As democracy faces new challenges, both at home and abroad, the need to educate residents of our communities about their rights and responsibilities has returned to the front page of national concerns. “Civic Education is Having a Moment,” declared one recent article. Civic Learning Week, March 6-10, highlighted a host of examples, programs, curricula, formats, organizations, pieces of legislation, and methods of measurement relating to civic ed.
- All of this attention is appropriate: civic ed is a national priority that has been overlooked and underfunded, with dire consequences for the state of democracy. But this is not just a matter of increasing overall support for it – there are also some big conceptual challenges facing civic ed including defining what is meant by citizenship* today, since that determines the kinds of knowledge and skills that need to be provided through civic ed.*As used here, “citizenship” is a concept describing the civic responsibility of an individual, without regard to whether they are a citizen in a legal sense.
- Providing more opportunities for people to practice the skills and use the knowledge gained through civic ed.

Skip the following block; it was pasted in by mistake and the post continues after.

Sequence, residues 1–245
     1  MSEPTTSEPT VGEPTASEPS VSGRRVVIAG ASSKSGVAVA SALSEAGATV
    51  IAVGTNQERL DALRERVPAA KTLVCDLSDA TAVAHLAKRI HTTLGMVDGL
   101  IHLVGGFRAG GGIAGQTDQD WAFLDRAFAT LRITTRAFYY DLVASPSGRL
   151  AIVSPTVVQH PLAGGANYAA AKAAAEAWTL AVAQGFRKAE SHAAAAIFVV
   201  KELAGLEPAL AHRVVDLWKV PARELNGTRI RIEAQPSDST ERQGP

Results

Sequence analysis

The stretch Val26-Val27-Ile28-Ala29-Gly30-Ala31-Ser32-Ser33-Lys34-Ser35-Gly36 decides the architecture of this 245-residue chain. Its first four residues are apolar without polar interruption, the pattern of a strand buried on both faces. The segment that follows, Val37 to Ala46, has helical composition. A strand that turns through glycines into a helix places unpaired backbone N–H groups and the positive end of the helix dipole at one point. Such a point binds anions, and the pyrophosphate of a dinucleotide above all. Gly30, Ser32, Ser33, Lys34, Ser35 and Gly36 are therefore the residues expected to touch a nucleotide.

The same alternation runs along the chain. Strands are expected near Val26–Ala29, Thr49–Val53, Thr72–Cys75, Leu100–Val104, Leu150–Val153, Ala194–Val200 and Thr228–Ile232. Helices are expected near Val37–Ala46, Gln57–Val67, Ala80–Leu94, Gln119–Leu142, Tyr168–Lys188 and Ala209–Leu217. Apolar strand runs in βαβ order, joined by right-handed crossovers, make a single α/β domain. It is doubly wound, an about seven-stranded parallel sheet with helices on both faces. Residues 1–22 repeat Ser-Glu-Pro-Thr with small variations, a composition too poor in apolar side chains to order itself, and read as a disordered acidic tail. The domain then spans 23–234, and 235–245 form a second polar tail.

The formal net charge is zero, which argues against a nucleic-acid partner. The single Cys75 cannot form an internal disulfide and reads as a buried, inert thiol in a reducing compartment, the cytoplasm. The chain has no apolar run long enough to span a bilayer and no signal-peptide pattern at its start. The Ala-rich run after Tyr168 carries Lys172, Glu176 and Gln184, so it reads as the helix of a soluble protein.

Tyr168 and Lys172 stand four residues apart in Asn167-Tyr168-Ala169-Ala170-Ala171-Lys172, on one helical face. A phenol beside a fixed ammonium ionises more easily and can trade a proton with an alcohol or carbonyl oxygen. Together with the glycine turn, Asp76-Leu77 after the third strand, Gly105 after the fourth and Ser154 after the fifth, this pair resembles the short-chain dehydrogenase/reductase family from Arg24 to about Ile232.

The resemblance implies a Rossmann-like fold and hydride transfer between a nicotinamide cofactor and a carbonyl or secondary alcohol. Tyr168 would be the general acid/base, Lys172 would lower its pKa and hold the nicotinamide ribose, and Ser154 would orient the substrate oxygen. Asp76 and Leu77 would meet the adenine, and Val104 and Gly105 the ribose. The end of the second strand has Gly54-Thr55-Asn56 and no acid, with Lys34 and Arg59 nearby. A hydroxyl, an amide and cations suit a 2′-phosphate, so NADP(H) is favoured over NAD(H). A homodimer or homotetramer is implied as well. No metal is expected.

- Deciding on how to measure progress – both of individuals and communities – in gaining, using, and benefiting from civic ed.
Traditionally, civic education has been dominated by a limited vision of citizenship: good citizens were people who obeyed the law, read the newspaper to stay informed, helped their neighbors, and (above all) voted. But citizenship is now a moving target, for at least three reasons:
- There are rapid technological changes that effect what kinds of skills and awareness people need, as well as how they think about their roles in society;
- Looking more closely at how people are getting things done in their neighborhoods and communities, it is often found that people using skills and knowledge like community organizing or conflict resolution that haven’t traditionally been taught in schools;
- There is rampant dissatisfaction with the current state of public life and institutions, but no clear picture of what people are moving towards.
These big abstract challenges produce some very concrete problems and hard decisions for people trying to advance civic education. For example:
- The ability to successfully research a fact presented on social media may be a much more important civic skill than being able to name the three branches of government;
- The awareness that democracies change over time, yielding new rights and responsibilities for community residents, could be considered an extremely valuable civic disposition;
- Conflict resolution skills may be more important for people today than knowing how to contact your member of Congress.
To advance civic ed in America, there needs to be more funding, more staffing, and more support. But also, clarification on what is hoped to be achieved. Success in civic ed will depend on the answer to the question: What kind of democracy is wanted?